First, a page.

Most of us probably at some point in time may have harboured dreams of breaking off the shackles in our work-a-day lives and starting a small business of our own. And for the more entrepreneurial readers out there, you may have already begun embarking on your exciting new path. However, if you are about to start your own business, there are a number of important matters that need to be considered and one of the primary issues may be related to the paying of rent, and other amounts payable which are also known as ‘outgoings’.
Any reference to ‘outgoings’ in a commercial lease, usually means increases in taxes and rates that may include the running of the physical building or shopping centre in which the enterprise is located for example.
Who has to pay outgoings in a commercial lease?
For the most part, a lessee will not be responsible for the payment of any outgoings unless so provided within the leasing agreement, and which is also recoverable within legislation.
All States and Territories have some sort of provision in regards to outgoings, and we can look at s 39 of Victoria’s Retail Leases Act 2003 as our statutory example, with the section stating a tenant is not responsible for any outgoings, except in accordance with the provisions of the lease that specify:
- the outgoings that are to be regarded as recoverable; and
- in a manner consistent with the regulations, how the amount of the outgoings will be determined and how they will be proportioned to the tenant; and
- how any outgoings or any part of the outgoings may be recovered by the landlord from the tenant.
Furthermore, the outgoings under s 39(2) of Victoria’s Act, may also prescribe the manner in which the amount of outgoings can be determined and apportioned by a tenant.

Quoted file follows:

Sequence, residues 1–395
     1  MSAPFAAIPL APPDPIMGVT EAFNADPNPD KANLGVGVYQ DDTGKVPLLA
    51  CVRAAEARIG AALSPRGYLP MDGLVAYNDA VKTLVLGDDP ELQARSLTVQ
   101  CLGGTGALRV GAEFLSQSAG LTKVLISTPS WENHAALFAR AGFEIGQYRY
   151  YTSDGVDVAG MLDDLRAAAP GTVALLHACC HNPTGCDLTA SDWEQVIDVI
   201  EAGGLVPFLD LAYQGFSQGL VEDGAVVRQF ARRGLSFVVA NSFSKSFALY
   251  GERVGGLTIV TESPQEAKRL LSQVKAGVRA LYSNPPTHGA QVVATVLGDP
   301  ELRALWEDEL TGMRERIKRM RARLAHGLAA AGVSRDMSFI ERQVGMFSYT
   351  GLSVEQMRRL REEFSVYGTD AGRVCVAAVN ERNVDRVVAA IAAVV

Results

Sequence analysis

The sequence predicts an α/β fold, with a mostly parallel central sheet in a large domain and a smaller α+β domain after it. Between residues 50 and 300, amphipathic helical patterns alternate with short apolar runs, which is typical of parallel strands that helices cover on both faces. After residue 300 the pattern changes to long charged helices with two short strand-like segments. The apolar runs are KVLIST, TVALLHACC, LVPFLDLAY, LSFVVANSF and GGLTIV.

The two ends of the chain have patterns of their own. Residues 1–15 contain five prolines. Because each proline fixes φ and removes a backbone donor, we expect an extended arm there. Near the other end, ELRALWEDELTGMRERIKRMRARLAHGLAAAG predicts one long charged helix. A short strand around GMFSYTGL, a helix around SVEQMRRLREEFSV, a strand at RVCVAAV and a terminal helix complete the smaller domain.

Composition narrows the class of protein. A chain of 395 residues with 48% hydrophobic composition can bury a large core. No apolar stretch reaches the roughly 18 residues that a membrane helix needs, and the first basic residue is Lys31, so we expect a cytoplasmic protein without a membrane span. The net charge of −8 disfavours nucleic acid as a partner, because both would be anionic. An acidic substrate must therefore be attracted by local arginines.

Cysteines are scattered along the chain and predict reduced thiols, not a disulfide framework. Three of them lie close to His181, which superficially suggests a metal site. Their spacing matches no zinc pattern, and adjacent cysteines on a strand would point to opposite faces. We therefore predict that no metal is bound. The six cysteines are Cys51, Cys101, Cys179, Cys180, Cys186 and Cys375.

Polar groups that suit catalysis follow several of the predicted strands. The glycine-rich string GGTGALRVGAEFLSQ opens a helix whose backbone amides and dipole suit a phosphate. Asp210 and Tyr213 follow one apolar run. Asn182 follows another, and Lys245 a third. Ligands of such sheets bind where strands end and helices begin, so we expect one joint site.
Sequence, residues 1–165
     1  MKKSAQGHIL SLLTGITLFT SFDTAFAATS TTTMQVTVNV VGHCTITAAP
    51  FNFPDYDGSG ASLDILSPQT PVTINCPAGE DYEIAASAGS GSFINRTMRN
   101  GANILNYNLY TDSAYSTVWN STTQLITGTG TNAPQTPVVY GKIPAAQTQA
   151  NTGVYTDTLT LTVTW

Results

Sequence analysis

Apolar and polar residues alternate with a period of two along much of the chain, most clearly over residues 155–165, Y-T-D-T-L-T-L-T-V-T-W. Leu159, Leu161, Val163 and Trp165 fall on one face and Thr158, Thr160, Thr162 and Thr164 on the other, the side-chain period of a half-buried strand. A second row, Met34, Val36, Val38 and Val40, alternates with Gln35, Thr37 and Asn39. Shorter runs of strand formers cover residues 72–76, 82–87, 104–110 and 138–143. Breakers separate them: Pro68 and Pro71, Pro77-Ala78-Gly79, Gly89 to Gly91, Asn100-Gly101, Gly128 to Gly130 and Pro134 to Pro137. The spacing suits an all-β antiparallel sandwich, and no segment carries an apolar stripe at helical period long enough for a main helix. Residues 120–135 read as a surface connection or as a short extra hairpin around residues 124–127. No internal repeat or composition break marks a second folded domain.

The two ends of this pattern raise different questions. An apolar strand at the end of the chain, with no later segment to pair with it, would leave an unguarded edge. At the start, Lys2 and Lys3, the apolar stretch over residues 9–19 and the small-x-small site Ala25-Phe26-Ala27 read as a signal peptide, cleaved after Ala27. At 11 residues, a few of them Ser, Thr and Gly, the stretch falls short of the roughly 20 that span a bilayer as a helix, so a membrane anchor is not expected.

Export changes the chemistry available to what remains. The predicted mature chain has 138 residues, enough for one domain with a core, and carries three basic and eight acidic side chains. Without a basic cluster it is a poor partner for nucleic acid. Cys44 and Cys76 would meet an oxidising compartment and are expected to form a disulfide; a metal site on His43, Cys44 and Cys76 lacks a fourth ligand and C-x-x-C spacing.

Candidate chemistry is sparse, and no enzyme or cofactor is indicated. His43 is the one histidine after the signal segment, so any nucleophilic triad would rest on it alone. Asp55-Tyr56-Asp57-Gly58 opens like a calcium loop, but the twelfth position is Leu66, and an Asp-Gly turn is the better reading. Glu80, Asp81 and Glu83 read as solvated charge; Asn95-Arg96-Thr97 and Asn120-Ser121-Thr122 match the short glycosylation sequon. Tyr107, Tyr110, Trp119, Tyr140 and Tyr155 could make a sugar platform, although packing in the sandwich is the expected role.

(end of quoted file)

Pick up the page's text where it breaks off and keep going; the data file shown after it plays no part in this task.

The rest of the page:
What are the types of outgoings that cannot be recovered by a lessor?
Although a lessee won’t be responsible for any outgoings that are not included within the leasing agreement, legislation also further specifies outgoings that cannot be imposed on the lessee, and we can now turn to s 23 of the Retail Leases Act 1994 of New South Wales, which states:
“A provision in a retail shop lease is void to the extent that it requires the lessee to pay any amount in respect of the capital costs of the building in which the retail shop is located or (in the case of a retail shop in a retail shopping centre) of any building in the retail shopping centre or any areas used in association with any such building.”
Furthermore, if we can also use s 7(3) of Queensland’s Retail Shop Leases Act 1994 to further highlight outgoings that cannot be recovered, with the section outlining a number of outgoings that are not recoverable by the lessor which includes:
- land tax payable on the land on which a building or centre is situated;
- expenditure of a capital nature, which includes the repayment of capital costs;
- contributions to a depreciation or sinking fund;
- insurance premiums for loss of profits;
- lessor’s contributions to merchants’ associations and centre promotions funds;
- payment of interest and charges on amounts borrowed by the lessor;
- another item prescribed by regulation.
As with other types of legislation, there will be differences amongst the States and Territories, so it’s always useful to be mindful of the laws where you intend on starting your business because there may be differences.
How are outgoings usually paid?
Outgoings can be paid by either calculating a base amount that is an annual projection which is to be paid proportionately during the same time as rent; with a final adjustment made at the end of the year, or alternatively, outgoings can also be paid in arrears once receipts are received by the lessee from the lessor.
Going out on your own and starting your own small business is a very exciting undertaking. However, there are a lot of things to consider and if you need any assistance with a commercial lease, please seek the help of a legal practitioner.